As I was miserably dragging myself from one hydrocolon therapy to the next (the only way my bowel would empty), it made sense to try and ingest as many nutrients as I could in liquid form. For that reason I looked into juicing. I found on youtube a film by some Joe Cross called "Fat, Sick, and Nearly Dead", where he recounted his story of salvation through juice fasts, and how he traveled across America to spread the Gospel. That was a helluva convincing movie, and I was sold.

At the time I hadn't understood the importance of having a good juicer, so juicing was cumbersome and messy, the results everything but tasty, but I did it, for 3 weeks. After that, when it was time to start eating solid food again, I was ready, armed with another kind of precious knowledge.

In the library I had found a book about Macrobiotics, which not only appealed to me because it was based on eating seasonally and the principles of Yin and Yang (Chinese medicine and acupuncture had been key in helping me out of the worst agonic ME years), but also it was based on simple natural foods and easy to prepare, albeit quite bland.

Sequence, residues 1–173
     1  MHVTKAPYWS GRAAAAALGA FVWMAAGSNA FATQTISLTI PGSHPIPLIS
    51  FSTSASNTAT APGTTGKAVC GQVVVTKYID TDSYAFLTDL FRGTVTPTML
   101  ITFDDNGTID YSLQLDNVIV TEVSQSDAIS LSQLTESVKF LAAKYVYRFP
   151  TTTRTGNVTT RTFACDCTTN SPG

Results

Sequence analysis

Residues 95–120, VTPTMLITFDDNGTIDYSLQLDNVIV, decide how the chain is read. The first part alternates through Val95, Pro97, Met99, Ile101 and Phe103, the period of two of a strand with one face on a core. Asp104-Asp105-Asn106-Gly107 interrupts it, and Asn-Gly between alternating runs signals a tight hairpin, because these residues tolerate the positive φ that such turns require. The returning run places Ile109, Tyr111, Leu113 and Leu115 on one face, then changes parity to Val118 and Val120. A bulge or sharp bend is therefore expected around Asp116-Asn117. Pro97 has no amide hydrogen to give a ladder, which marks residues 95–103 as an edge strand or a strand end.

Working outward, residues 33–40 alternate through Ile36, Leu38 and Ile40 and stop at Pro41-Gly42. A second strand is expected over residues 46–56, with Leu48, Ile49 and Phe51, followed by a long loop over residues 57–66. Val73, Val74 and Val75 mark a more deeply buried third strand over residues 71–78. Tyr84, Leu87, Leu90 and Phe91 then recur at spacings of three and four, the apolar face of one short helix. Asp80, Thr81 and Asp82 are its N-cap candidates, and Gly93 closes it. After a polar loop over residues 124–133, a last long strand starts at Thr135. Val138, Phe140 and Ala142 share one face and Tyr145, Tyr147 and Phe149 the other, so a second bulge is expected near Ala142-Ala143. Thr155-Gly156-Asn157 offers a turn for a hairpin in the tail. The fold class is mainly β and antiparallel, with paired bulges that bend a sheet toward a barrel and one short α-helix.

After the fast I started with the recommended brown-rice only diet for 2-3 weeks, with the only extra taste from umeboshi plum and miso (and a bit of olive oil and soy sauce if I got too desperate). In hindsight, it was possibly the prebiotics in the juice, the much needed probiotics in the miso and the antiparassitary and detoxifying effects of the umeboshi plum that performed the miracle, but from that moment on, taking a LOT of care, my bowels started working again more or less normally.